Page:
Such straight-line evolutionary histories, with their subtexts of inbuilt senescence or death from over-specialization, lent authoritative support to increasingly pessimistic views about the human future. Primitive cultures could now be regarded as in the 'infancy' of their development. More advanced societies might be set on lines of development that led them through the heights of civilization to corruption or decay. Those who transgressed society's conventions, such as criminals, homosexuals or the mentally deranged, could be categorized as 'throwbacks' to some racial past. ...

Whereas in Darwin's day eugenics was mainly expressed in fears about the maintenance of biological fitness, in the early twentieth century it expanded through Europe and the Americas into significant political movements seeking to change government policy with public health measures for the masses, birth control and enforced restraint from breeding. At root, the old system of Malthusian checks that Darwin had applied to biology was reapplied to political economies with compelling biological support. The poor, the deranged, the weak and diseased came to be regarded as biological burdens on society. For the good of the nation, it was said, policies should be introduced to prevent them from reproducing their kind. ...

It should be said, however, that racism and genocide predated Darwin. Nor were they solely confined to the West. Nevertheless, [post-Darwin] evolutionary views, and then the new science of genetics, gave powerful biological backing to those who wished to partition society according to ethnic difference or promote white supremacy.
Thus, claims that eugenics is an outgrowth of Darwin's theory are, at best, a hopelessly simplistic reading of history. In fact, the evils of racism and hatred of those who do not narrowly conform to social norms; the will to blame the poor and the downtrodden for their own condition; and the impetus to eliminate "the other" need no justification but will merely take whatever there may be at hand.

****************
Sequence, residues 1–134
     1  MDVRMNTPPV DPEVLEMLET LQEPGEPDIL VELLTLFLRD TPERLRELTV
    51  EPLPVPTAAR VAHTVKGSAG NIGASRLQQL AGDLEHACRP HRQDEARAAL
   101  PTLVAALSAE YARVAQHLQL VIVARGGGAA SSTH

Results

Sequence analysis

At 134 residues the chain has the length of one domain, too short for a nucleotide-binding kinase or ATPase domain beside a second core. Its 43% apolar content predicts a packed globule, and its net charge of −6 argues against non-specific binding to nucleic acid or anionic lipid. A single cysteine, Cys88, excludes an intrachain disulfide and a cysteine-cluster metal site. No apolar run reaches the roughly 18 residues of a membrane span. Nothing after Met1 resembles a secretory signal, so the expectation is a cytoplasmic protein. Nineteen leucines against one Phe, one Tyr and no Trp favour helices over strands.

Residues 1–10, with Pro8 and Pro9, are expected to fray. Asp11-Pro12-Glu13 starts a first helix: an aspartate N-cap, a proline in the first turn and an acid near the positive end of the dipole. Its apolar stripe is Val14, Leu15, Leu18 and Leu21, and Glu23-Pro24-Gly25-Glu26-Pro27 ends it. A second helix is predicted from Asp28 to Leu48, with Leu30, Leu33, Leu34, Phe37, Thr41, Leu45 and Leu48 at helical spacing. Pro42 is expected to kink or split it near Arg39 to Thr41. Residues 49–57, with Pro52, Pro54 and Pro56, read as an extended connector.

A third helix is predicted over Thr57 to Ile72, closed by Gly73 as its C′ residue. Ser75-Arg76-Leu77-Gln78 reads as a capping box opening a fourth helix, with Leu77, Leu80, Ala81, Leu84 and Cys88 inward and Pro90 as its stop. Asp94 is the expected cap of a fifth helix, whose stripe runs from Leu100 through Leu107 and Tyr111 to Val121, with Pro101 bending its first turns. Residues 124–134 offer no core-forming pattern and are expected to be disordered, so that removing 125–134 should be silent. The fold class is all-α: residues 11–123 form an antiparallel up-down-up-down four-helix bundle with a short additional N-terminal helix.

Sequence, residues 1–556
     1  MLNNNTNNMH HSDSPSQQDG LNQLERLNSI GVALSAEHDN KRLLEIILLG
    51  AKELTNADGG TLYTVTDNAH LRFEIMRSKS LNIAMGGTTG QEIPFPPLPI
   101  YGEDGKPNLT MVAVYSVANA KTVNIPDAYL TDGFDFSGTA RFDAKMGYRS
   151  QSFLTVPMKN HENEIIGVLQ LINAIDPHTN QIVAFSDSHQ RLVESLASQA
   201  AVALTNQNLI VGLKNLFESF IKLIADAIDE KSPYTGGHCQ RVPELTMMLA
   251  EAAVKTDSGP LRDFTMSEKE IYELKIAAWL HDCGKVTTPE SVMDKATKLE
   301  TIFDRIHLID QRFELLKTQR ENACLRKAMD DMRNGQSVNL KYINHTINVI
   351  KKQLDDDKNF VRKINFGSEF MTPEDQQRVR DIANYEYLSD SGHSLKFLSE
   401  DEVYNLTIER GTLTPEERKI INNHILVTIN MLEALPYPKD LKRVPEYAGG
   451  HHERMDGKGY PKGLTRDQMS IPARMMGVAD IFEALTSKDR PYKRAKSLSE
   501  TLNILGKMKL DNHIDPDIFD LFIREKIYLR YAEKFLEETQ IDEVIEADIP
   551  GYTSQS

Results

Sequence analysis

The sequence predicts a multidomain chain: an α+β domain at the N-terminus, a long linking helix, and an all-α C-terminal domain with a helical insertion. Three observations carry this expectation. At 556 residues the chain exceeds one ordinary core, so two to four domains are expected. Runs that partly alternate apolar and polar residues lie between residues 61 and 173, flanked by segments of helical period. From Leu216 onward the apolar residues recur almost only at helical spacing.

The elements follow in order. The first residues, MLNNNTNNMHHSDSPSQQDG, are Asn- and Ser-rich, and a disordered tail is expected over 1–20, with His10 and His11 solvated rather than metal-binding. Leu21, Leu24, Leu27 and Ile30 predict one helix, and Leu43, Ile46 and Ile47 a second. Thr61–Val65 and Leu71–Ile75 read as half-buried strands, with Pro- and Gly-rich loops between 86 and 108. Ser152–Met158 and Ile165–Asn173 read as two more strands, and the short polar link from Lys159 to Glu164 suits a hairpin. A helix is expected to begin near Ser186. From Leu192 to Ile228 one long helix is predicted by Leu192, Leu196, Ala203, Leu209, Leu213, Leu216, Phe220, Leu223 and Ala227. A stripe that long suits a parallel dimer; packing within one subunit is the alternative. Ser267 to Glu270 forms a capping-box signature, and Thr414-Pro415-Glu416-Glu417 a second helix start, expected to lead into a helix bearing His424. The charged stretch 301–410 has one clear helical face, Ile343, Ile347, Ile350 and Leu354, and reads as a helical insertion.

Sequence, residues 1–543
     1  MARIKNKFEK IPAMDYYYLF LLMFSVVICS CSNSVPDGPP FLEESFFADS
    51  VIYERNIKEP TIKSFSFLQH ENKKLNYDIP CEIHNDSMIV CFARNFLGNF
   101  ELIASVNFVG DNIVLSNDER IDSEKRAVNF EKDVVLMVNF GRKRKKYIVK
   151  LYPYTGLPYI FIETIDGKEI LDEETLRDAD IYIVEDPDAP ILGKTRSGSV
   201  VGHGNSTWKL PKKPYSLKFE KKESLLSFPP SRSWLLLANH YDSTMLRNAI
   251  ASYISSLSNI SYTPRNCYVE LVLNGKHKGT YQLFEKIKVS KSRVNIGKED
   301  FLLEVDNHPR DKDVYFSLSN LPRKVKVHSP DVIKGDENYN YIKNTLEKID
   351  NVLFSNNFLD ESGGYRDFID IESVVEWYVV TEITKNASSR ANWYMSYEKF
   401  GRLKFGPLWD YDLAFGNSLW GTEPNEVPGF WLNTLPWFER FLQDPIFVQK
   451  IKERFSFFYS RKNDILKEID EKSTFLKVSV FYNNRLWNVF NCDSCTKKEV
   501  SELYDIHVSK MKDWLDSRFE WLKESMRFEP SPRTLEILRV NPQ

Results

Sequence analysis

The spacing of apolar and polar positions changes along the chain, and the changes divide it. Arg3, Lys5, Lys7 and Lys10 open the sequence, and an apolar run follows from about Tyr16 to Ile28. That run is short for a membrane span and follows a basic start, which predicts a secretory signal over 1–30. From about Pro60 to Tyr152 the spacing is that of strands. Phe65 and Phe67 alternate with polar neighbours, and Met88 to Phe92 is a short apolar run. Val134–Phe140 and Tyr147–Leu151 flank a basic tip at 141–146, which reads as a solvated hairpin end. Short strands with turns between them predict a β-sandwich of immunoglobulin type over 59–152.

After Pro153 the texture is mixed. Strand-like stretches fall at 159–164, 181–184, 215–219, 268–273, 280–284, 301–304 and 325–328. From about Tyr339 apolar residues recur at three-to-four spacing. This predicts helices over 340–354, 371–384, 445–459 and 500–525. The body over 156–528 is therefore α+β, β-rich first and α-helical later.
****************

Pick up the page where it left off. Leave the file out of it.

Brown also sketches the history of creationism up to the present. After telling the tale of "Creation Science," she ends with the latest in a long line of attacks:

Intelligent Design does not generally refute evolution but suggests that some biological processes are far too complex to have originated in the step-by-step manner proposed by Darwin. ... This is basically the old argument as put forward by William Paley or Asa Gray, brought up to date with new examples.

The new millennium has consequently begun with Westerners as divided as ever over the implications of a natural origin of species. Despite these challenges, the modern synthesis stands firm at the heart of biological science. ... History seldom tells of simple triumphant advances, but it can tell of the extraordinary impact of a single book. While many of the ideas and themes addressed by Darwin in 1859 were not new, and his writing style was mild in the extreme, the Origin of Species was clearly a major publishing event that spectacularly altered the nature of discussion on the question of origins. ... Old texts are frequently remade by new forms of attention, and it appears that Darwin's Origin was both resilient in the survival of its main proposals and malleable in the hands of its devotees. His book can therefore be seen, not as a solitary voice deliberately defying the traditions of the Church or the moral values of society, but as one of the hubs of transformation in Western thought.
Browne's case for the importance of the Origin is well made.